National Geographic : 1909 Jan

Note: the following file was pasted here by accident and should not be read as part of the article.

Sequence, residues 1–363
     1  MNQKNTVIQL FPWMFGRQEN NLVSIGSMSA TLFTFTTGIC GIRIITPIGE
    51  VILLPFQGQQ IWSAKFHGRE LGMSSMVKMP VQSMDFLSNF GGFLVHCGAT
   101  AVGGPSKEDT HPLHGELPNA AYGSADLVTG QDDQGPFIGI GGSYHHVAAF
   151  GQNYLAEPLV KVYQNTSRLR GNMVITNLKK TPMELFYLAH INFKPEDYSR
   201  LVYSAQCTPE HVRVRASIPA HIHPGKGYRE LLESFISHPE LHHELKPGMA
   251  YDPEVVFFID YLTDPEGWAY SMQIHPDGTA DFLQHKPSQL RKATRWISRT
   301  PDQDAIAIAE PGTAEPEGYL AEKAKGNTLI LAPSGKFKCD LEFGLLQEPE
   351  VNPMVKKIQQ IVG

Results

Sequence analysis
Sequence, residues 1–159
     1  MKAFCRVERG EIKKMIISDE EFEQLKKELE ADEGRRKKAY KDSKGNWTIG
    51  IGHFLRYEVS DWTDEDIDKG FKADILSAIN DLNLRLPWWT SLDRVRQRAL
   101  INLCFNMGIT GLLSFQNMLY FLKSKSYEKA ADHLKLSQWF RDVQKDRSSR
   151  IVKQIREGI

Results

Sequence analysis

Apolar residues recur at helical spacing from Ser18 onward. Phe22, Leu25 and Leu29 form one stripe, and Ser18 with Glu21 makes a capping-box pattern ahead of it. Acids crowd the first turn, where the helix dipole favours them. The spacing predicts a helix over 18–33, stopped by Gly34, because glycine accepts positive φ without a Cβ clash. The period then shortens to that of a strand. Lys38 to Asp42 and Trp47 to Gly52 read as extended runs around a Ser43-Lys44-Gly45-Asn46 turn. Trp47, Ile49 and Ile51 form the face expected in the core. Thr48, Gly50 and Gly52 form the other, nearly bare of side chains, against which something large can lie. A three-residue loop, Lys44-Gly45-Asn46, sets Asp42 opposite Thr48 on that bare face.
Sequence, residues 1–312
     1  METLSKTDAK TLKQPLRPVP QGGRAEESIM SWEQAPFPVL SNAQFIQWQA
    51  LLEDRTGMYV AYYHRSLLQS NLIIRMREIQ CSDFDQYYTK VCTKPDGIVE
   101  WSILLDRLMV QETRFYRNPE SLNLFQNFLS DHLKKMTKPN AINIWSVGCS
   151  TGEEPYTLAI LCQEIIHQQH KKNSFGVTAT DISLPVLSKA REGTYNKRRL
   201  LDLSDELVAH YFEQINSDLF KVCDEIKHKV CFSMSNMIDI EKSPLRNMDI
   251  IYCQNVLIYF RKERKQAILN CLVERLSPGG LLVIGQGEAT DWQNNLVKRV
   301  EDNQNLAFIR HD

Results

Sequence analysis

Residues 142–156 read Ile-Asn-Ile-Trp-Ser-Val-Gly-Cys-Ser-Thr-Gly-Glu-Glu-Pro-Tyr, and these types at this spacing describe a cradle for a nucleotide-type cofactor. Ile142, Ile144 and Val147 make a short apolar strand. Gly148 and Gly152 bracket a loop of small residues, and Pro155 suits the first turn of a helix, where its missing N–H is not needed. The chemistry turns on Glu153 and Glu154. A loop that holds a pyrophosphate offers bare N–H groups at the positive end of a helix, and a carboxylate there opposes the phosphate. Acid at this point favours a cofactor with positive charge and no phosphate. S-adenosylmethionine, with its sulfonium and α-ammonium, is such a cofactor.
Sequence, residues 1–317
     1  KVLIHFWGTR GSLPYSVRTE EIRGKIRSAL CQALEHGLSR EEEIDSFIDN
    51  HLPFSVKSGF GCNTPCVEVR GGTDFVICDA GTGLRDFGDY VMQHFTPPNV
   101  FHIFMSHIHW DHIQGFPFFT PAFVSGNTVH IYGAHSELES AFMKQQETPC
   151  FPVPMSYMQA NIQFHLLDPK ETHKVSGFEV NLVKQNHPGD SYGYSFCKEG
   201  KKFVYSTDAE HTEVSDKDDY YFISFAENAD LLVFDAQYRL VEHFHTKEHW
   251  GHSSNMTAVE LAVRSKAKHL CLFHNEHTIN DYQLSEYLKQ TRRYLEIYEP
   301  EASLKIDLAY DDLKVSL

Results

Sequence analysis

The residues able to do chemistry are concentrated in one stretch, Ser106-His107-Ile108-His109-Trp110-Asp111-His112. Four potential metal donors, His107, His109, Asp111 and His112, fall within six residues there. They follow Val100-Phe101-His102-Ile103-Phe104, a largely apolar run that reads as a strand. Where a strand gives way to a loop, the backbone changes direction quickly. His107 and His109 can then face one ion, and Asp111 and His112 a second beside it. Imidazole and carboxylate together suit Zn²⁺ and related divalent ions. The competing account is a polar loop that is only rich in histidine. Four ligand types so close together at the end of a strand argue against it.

THE NATIONAL GEOGRAPHIC MAGAZINE came, word was given to Fuad Pasha that he was at liberty to return to Con stantinople. But the grim old soldier said, "No, not until my sword that was taken from me in Constantinople is re turned to me; no, not until those medals removed from me have once more been placed upon my breast." The old man waited, and then in a short time the sword and the medals came, and presently he began the tri umphant return. He was carried by train to Beirut. The enthusiastic popu lace seized him as he came out from the train and insisted on taking the horses out of the carriage and dragging it to the hotel. Indeed, in the exuberance of their Oriental enthusiasm, they were about to carry the carriage bodily to the hotel. However, with some regard for his own life, he stopped this form of demonstra tion and finally persuaded his admirers to let him go in the ordinary way. After this there followed a series of popular assemblages in honor of Fuad Pasha, and many speeches were made. Then there came the triumphant journey of the old hero to Constantinople. They say that when the French steamer that was bring ing him finally reached the harbor the great populace was there waiting to meet him, and that it was a great sight to see the old general as he stood upon the captain's bridge, his white hair whiter than it was six years before, and he was not ashamed of the tears that coursed down his face and which showed his de votion to the people as he came back to his beloved city to be received with that kind of a welcome. TURKS PAY HONOR TO MASSACRED ARMENIANS So over the Empire-not simply in Beirut, not simply in Constantinople, but in the smaller places as well-these scenes were repeated until the whole Em pire was rejoicing with one heart. Away down in Medina, on the railway that the Sultan is projecting as far as Mecca, the event was celebrated. The opening of the railway and the granting of the con stitution were extolled at the same time. Everywhere Moslems meeting men of other faiths used for the first time in five hundred or six hundred years the salu tation that is usually confined to their fellow-believers, "Peace be upon you!" and then the answer, "And upon you may peace also rest!" But what may be regarded as the cul minating point of this spirit of fraternity was witnessed in Constantinople, when Armenians, accompanied by many Turks, visited the graves of those who had been massacred and there offered prayers of thanksgiving for the coming of this day, while the Turks expressed their sorrow for the events that had destroyed so many of the lives of the brave Arme nians; and the next day Armenians and Moslems went into the churches in Con stantinople, and there addresses were given by Turkish Moslems and Armeni ans expressing thanksgiving to God for the coming of this day. The work that was done in Salonika by the Young Turkey Party in bringing about this constitution made that a place where the rejoicing was particu larly enthusiastic. They tell us also that when the pris oners were released under the new am nesty the danger of such a move dis appeared in the presence of the solem nity with which the act was performed. Every prisoner was brought into the presence of one of his priests, and he was obliged to put his hand upon the Bible or upon the Koran, and was then asked these questions: "Do you promise upon being released to abjure all crime? Do you promise to refuse to do that which will injure in any way the safety of society or the state?" And only then, when he had promised, not simply with his hands placed upon the Koran, but with his uplifted hand in the presence of Almighty God, only then was he allowed to go free. They also made this decla ration: "The people have set you free. See to it, that you serve and respect the liberties of the people or you will be in short order hanged." And the answer was, "We shall not be hanged, for we do propose to serve the interests of the people."